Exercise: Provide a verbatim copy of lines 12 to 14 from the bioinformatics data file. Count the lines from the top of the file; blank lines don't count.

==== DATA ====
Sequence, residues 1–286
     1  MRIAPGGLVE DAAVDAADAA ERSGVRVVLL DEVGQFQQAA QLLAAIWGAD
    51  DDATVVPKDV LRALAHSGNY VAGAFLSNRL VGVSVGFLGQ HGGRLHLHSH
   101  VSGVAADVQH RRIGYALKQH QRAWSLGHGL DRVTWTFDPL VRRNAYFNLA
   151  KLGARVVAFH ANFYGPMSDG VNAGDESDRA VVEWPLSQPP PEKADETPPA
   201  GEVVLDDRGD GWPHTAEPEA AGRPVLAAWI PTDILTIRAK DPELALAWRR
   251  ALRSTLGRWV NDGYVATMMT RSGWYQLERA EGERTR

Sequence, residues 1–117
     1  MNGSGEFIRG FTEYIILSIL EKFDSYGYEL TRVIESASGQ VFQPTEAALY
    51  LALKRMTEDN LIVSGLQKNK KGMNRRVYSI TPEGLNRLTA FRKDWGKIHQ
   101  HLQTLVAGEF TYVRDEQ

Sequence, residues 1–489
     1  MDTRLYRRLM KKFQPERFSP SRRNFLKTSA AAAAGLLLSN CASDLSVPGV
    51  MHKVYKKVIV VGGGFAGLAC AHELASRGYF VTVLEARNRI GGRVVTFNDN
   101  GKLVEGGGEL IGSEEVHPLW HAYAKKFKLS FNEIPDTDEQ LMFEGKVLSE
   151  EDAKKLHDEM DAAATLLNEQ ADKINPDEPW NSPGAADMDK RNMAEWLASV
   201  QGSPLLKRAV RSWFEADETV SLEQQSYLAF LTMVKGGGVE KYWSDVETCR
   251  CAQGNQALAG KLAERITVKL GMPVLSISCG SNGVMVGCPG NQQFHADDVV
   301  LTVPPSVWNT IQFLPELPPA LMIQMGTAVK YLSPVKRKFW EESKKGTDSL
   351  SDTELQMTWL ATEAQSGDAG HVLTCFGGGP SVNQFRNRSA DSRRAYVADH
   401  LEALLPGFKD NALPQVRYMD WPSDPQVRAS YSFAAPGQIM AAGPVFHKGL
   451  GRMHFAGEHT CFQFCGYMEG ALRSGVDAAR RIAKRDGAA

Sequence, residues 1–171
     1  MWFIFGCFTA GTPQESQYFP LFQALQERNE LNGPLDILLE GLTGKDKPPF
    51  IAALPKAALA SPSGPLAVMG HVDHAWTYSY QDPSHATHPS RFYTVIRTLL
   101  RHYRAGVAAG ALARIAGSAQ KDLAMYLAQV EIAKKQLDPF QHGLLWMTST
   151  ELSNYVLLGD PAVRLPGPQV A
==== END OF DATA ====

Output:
Sequence, residues 1–489
     1  MDTRLYRRLM KKFQPERFSP SRRNFLKTSA AAAAGLLLSN CASDLSVPGV
    51  MHKVYKKVIV VGGGFAGLAC AHELASRGYF VTVLEARNRI GGRVVTFNDN